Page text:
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New possibilities in music with senior lecturer Toby Wren

Toby Wren is a musician and senior SAE lecturer with a Doctor of Philosophy. He reflects on the future of music and its creative possibilities.
SAE lecturer Toby Wren

His work is diverse and exemplifies the intersection of practice and theory, incorporating both practice-based and practice-led methodologies. We chat with him about the new and emerging possibilities in music and the creative process.

  • DAW operation (programming, synthesis, sampling, recording);
  • Artistic oversight.
Reflect on a time when you questioned or challenged a belief in your creative work practice. What prompted your thinking? What was the outcome?

Most recently I questioned the idea of recording the music I make. In many ways, this was not a ‘successful’ project. I made an ‘album’ of compositions (a book of music scores), and of course, the audience for such an album is much smaller than for recordings.

We performed the music at a number of shows and the people that were there heard it the only time it could be heard. I like that idea and I prefer live music to recordings.

It has made me think about different formats for future albums.

List the top 3 attributes you appreciate in creative industry professionals.
  • Openness
  • Kindness
  • Fierceness
Toby Wren -
I think it's an exciting time for music production. The technology is good enough to be transparent and by that, I mean that we can make things and have it not be about the technology, but to see what new aesthetics and feelings are possible.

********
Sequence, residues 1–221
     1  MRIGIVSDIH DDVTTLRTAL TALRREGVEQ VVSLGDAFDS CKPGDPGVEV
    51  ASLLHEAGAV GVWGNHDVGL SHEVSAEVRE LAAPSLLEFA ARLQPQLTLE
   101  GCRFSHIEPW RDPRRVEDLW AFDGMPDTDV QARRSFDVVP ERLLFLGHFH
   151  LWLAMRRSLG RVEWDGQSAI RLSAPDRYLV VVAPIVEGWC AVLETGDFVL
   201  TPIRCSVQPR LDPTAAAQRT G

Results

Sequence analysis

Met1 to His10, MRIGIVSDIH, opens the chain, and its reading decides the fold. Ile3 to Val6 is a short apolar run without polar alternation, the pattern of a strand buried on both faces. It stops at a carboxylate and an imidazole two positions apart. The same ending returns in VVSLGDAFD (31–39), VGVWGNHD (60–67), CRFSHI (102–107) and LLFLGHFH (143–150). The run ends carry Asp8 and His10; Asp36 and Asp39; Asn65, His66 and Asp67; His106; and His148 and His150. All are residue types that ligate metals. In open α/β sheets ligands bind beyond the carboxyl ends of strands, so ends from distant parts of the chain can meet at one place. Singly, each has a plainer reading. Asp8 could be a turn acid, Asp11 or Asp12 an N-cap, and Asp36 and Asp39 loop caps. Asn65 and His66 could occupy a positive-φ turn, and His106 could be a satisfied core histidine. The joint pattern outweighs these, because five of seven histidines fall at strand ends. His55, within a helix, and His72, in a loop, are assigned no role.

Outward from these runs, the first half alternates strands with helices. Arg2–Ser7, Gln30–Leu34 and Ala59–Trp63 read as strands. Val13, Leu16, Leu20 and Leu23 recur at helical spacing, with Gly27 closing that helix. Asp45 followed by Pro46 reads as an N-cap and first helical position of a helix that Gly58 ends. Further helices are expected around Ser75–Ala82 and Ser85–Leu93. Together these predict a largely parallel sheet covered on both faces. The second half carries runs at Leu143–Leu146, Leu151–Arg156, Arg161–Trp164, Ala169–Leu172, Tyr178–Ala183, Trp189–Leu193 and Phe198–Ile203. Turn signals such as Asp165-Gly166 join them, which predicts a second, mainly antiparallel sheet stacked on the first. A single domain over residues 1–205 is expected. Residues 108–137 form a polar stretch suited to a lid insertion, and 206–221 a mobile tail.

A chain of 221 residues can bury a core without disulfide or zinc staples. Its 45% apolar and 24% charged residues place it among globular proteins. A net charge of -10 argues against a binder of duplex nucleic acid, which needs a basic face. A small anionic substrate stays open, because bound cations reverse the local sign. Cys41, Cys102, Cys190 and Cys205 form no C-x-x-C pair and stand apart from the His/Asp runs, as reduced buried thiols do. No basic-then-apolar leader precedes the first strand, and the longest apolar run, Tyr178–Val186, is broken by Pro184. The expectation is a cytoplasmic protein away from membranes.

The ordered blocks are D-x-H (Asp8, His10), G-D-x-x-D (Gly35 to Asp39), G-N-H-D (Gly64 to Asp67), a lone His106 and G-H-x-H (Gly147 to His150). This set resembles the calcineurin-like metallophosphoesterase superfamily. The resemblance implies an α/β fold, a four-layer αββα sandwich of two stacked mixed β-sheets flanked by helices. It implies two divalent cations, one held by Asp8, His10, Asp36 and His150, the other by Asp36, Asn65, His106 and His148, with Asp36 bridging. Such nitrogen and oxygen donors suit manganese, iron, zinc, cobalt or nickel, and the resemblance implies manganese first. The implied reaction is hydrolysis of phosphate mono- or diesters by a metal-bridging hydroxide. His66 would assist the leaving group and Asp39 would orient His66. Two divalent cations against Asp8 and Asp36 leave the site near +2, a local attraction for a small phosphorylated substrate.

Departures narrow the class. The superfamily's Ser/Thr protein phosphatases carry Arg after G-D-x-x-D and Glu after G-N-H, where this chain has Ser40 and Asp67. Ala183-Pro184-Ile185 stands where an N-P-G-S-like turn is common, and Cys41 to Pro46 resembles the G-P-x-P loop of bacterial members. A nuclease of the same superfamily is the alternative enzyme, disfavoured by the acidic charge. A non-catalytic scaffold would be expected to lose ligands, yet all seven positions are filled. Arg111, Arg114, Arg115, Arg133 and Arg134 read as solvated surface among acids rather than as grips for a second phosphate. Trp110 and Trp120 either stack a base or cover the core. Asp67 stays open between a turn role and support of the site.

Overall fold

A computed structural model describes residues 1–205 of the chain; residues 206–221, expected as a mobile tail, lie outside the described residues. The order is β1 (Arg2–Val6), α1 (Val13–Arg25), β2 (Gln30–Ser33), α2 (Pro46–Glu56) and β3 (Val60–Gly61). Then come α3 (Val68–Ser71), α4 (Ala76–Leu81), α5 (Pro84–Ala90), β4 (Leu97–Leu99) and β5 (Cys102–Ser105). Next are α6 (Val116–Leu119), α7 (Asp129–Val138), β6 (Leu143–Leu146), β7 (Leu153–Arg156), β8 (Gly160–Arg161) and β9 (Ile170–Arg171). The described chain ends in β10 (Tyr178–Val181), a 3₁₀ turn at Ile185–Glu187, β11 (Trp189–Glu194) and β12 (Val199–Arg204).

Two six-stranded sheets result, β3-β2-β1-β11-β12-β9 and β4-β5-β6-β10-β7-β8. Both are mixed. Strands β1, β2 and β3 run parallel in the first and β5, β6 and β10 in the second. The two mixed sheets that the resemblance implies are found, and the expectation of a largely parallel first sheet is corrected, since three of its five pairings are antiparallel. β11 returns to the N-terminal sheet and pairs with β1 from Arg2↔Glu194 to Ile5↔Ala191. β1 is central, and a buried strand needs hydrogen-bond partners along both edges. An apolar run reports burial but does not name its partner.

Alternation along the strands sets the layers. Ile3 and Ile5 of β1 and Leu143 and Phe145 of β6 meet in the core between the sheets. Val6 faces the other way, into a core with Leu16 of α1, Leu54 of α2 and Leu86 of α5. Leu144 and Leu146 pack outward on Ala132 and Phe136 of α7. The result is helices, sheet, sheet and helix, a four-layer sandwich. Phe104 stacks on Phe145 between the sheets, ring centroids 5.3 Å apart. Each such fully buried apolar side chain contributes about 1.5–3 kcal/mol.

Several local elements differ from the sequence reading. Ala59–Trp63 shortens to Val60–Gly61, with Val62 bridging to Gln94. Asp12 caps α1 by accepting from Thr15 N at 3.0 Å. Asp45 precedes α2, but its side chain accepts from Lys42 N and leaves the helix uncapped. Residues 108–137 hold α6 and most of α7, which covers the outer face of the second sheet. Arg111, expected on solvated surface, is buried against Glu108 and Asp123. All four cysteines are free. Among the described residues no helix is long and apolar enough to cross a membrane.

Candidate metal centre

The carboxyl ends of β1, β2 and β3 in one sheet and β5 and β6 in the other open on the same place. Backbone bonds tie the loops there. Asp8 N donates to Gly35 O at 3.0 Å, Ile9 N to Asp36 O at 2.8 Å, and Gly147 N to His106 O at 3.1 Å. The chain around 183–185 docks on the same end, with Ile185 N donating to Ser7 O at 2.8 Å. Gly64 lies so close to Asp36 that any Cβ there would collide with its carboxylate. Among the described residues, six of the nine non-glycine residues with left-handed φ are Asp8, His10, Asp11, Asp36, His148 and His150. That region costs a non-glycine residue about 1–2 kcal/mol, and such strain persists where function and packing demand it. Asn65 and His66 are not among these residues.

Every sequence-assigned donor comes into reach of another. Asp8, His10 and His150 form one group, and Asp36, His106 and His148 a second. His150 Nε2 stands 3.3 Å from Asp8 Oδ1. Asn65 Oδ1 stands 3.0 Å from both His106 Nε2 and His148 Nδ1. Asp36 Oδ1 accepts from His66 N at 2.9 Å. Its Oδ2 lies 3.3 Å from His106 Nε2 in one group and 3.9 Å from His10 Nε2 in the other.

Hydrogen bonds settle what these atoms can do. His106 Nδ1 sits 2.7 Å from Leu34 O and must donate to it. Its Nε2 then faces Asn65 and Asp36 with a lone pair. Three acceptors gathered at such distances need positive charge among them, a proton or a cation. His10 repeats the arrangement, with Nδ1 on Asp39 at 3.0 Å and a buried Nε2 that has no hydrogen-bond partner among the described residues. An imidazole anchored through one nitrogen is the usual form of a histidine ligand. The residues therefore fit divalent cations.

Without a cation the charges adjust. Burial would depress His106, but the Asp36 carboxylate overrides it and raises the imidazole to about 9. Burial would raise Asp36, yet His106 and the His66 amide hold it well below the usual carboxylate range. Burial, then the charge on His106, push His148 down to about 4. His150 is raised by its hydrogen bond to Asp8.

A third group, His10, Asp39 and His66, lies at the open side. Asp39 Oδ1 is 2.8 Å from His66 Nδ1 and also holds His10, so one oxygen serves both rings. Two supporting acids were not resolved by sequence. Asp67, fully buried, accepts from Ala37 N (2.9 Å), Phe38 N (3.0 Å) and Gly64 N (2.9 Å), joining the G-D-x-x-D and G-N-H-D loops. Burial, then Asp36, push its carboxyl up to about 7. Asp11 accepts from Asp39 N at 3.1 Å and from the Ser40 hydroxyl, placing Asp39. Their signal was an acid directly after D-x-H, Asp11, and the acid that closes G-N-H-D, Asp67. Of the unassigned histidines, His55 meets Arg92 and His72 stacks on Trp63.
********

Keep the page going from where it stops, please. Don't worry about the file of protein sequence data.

Name an emerging use of technology in the creative industries and why it’s a game-changer.

I think that the online environment is exciting and there is more we can do. At the start of the COVID pandemic, I ran an online jazz club for a couple of months, and it was a very intimate, vulnerable and immediate kind of experience – entering musicians’ homes to hear them play.

There are so many ways to use multimedia and the ‘data’ of our lives for art – just look at interactive documentaries like pinepoint or these www.sbs.com.au/features

Who inspires you?

This is Miles Okazaki, a guitarist from NY. He has a really disciplined and multilevel approach to making music. When he recorded the album ‘Work’ for Thelonius Monk’s centenary for example, he set up a recording zone in his home for a year, and recorded every tune Monk ever wrote.

Anything else?

I think it’s an exciting time for music production. The technology is good enough to be transparent and by that, I mean that we can make things and have it not be about the technology, but to see what new aesthetics and feelings are possible.

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